In brief Volkswagen-owned Audi has suspended two engineers after it emerged the luxury brand's diesel engines had emissions test cheatware installed.
In early November, the US government's environmental watchdog accused VW of adding the standards-evading software to its three-litre V6 engines, which have been used in flash Audi and Porsche motors since 2009.
Volkswagen initially denied the hardware was programmed to cheat in lab conditions, but then last week told American regulators 85,000 Audi-built vehicles were running some form of the cheatware.
The software – found in millions of diesel Volkswagens – lowers the amount of poisonous nitrogen oxide pumped out by the cars during laboratory examinations, allowing the vehicles to pass tests that ensure they're keeping under standard air pollution limits. When the vehicles are outside the lab, performance is ramped up, and so is the amount of NO emitted into the atmosphere.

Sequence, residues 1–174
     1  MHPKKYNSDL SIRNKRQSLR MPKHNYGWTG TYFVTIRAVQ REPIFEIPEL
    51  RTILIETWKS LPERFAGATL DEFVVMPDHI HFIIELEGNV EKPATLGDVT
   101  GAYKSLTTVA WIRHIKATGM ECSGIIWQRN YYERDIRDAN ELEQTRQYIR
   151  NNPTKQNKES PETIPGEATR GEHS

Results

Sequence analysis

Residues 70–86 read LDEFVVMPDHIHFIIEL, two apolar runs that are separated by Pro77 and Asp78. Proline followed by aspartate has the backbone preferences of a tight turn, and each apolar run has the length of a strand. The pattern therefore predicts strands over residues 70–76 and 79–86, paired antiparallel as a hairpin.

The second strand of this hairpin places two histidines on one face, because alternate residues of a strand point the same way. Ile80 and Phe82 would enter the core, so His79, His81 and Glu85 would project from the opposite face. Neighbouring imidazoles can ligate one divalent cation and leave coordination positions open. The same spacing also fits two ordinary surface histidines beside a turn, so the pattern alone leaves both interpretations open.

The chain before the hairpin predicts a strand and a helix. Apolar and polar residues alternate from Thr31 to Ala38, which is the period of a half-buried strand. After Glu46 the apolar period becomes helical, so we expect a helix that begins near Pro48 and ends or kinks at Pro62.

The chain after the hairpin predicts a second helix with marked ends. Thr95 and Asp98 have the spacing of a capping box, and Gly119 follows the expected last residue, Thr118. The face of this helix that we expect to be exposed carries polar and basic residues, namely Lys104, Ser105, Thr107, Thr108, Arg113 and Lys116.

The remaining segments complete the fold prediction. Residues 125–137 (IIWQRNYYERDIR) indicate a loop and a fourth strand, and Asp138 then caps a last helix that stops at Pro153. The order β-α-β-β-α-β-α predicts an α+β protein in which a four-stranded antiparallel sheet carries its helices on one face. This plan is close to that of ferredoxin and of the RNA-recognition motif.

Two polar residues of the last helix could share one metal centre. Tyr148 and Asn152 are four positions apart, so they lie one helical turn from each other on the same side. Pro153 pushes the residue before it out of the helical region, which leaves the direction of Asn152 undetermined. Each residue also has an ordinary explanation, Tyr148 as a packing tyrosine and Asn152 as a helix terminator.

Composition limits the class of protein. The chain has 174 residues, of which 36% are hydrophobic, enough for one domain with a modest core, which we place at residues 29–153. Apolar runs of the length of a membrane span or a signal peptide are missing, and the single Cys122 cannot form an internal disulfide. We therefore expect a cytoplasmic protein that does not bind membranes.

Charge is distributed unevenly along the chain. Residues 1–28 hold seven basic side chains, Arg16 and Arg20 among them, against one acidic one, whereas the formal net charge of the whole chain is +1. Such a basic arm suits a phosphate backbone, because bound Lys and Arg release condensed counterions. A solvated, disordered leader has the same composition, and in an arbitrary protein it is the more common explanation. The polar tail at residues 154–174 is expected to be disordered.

Now, we're told, two engineers have been suspended amid an internal probe. Audi CEO Rupert Stadler told a German newspaper that the techies had repeatedly insisted that the three-litre V6 did not contain test-defeating code, but apparently changed their story during a board meeting.
“I asked them: Is that a defeat device?” Stadler told Donaukurier on Thursday.
“And then they said, ‘We have to assume that in the US part of the software that controls the [engine] heating function can probably be considered a defeat device'.”
The suspensions takes the number of VW employees known to have been put on leave to eight; the other six are understood to be senior managers. Volkswagen America CEO Michael Horn earlier blamed the scandal on just "a couple of software engineers."
In Germany, the transport watchdog Kraftfahrt-Bundesamt apparently does not have a problem with the V6 engine's software. ®
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